Overview Cell Structures Cell Migration Cell Division  

Dependence of Cytokinesis on Midzone Microtubules in Multipolar and Nocodazole-Treated Cells

Wheatley and Wang., J. Cell Biol. 135:981-989 (1996)

The organization of midzone microtubules varies in cells that form an abnormal tripolar spindle. The correlation between the ingression pattern and midzone microtubules provides clues on how the two might be related. Microtubule dynamics in these cells were visualized by microinjection with rhodamine-labeled tubulin. Complementary experiments were carried out in cells treated with nocodazole after anaphase onset, where the incomplete destruction of midzone microtubules allows the analysis between ingression pattern and residual midzone structures.

Division of a Cell with a Three-Segment Midzone into Three Daughter Cells

Some tri-polar cells form midzone microtubules between each pair of spindle poles. These cells always ingress between each pair of poles and divide into three daughter cells. Recording time, 22 min.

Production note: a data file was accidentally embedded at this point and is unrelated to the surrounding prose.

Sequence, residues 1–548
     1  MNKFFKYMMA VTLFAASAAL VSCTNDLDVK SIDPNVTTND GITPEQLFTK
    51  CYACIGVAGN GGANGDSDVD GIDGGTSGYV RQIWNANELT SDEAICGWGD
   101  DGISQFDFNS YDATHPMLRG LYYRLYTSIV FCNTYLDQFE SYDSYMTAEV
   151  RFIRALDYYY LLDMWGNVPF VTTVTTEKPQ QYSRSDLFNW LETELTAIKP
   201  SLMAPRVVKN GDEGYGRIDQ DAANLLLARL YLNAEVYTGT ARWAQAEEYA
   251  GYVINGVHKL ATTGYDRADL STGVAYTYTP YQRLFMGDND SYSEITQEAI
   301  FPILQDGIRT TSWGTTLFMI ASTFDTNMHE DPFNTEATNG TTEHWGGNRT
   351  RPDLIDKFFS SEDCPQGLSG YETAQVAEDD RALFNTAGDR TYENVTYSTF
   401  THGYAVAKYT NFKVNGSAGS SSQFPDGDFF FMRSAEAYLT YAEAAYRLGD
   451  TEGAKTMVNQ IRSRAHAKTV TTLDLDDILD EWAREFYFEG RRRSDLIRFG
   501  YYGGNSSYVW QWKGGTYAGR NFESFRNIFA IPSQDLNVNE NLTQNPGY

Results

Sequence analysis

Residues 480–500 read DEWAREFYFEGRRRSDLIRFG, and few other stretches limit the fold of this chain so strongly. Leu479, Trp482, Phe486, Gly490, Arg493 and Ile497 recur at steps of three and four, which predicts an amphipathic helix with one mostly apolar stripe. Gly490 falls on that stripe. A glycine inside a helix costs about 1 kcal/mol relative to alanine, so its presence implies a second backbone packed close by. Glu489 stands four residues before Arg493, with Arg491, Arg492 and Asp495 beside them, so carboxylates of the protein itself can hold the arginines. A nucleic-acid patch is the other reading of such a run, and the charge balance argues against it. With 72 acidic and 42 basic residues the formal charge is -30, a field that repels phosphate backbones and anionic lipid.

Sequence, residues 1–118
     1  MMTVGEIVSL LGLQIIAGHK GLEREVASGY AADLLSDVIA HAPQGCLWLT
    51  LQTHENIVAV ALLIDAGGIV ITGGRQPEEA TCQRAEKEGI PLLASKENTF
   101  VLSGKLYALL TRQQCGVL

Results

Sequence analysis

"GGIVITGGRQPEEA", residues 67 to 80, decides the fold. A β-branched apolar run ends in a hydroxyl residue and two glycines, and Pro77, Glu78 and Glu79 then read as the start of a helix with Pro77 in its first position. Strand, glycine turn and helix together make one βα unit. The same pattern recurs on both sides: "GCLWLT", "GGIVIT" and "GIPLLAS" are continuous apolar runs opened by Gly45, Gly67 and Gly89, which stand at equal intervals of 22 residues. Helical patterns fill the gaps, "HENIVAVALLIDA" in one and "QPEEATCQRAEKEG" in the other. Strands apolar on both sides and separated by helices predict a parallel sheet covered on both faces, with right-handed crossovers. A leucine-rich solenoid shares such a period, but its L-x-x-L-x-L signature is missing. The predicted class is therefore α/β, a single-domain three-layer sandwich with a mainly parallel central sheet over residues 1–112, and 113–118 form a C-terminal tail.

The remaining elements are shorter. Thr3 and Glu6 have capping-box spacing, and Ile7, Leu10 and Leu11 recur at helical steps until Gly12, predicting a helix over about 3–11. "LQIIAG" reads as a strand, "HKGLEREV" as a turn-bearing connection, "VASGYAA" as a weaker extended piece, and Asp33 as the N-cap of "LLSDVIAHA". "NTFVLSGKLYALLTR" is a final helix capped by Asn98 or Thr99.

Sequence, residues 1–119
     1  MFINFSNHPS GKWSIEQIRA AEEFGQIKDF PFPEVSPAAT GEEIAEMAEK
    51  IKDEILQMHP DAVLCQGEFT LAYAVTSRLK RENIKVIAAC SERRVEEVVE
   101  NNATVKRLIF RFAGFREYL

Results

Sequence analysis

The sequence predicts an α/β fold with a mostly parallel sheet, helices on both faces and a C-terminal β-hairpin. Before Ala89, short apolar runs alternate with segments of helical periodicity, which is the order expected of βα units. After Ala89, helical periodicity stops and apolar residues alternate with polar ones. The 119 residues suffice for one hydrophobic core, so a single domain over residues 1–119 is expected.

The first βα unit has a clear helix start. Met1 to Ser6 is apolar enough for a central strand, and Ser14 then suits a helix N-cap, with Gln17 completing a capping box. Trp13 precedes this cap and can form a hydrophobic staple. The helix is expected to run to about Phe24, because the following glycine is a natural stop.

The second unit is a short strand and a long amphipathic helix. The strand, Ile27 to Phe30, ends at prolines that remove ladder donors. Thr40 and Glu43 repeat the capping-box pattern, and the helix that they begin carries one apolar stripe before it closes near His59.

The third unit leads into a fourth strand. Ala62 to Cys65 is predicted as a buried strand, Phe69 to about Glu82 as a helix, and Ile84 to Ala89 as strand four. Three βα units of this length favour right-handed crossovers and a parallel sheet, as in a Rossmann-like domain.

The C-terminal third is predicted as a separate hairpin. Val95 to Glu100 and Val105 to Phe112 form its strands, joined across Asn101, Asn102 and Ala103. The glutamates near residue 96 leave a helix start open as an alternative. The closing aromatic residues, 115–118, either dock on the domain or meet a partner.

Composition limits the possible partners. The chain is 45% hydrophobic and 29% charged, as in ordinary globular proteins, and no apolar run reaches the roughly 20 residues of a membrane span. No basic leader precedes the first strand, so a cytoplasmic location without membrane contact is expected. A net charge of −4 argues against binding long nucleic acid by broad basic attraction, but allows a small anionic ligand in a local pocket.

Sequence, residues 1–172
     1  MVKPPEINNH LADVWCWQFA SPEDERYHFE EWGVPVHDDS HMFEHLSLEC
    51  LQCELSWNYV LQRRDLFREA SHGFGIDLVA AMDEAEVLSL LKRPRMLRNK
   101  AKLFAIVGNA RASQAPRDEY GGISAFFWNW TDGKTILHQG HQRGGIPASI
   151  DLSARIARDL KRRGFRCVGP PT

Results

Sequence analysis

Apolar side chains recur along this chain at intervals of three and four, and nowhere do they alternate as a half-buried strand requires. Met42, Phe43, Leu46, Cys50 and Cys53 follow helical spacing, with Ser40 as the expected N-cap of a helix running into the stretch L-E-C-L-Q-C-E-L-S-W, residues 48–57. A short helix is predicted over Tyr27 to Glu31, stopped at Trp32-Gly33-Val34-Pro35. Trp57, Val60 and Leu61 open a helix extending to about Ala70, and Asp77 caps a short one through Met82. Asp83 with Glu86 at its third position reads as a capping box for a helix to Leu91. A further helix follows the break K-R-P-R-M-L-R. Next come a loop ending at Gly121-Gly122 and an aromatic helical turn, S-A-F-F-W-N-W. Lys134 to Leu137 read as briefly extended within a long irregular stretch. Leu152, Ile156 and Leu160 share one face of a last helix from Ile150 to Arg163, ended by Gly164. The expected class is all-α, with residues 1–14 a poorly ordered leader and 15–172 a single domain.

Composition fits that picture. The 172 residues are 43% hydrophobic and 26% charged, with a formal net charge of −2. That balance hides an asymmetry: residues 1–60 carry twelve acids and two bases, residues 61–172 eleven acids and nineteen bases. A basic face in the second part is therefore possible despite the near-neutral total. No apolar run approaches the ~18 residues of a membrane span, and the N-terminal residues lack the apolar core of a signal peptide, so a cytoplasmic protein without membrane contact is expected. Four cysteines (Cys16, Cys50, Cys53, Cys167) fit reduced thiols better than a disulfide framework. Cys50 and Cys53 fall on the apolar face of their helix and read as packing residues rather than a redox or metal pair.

Division of a Cell with a Two-Segment Midzone into Two Daughter Cells

Some tri-polar cells organize midzone microtubules between two of the three pairs of spindle poles. Typically one set of midzone microtubules move and merge with other midzone microtubules. Ingression takes place only between the poles with midzone microtubules, causing the cell to divide into two. In this cell no ingression occurs in the upper region. These observations suggest that the site of ingression is defined by the distribution of midzone microtubules. Recording time, 23 min.

Stimulation of Ingression by Residual Midzone Microtubules in Nocodazole-Treated Cells

Cells treated with nocodazole during anaphase typically show only partial disruption of midzone microtubules. Cortical ingression in these cells shows an irregular path, "chasing" the residual microtubule bundles. This adds evidence that the site of ingression is defined by midzone microtubule bundles. Recording time, 67 min.